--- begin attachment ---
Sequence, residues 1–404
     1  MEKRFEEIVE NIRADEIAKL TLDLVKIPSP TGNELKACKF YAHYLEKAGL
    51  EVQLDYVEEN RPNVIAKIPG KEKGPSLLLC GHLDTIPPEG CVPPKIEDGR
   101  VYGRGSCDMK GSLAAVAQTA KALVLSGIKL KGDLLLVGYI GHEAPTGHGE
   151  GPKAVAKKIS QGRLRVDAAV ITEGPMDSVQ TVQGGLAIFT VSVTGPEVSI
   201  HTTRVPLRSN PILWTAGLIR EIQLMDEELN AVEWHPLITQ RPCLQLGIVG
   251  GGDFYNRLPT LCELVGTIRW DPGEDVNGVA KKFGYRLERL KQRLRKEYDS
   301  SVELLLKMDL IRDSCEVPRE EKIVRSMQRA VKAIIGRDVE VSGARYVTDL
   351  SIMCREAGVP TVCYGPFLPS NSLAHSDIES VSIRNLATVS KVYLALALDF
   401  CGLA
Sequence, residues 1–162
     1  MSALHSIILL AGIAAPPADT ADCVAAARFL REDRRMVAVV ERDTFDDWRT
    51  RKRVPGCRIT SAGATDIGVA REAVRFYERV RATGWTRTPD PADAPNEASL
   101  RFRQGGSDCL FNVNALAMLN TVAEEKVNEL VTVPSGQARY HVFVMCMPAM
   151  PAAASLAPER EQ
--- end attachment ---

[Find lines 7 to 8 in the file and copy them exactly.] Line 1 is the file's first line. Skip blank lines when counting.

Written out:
   251  GGDFYNRLPT LCELVGTIRW DPGEDVNGVA KKFGYRLERL KQRLRKEYDS
   301  SVELLLKMDL IRDSCEVPRE EKIVRSMQRA VKAIIGRDVE VSGARYVTDL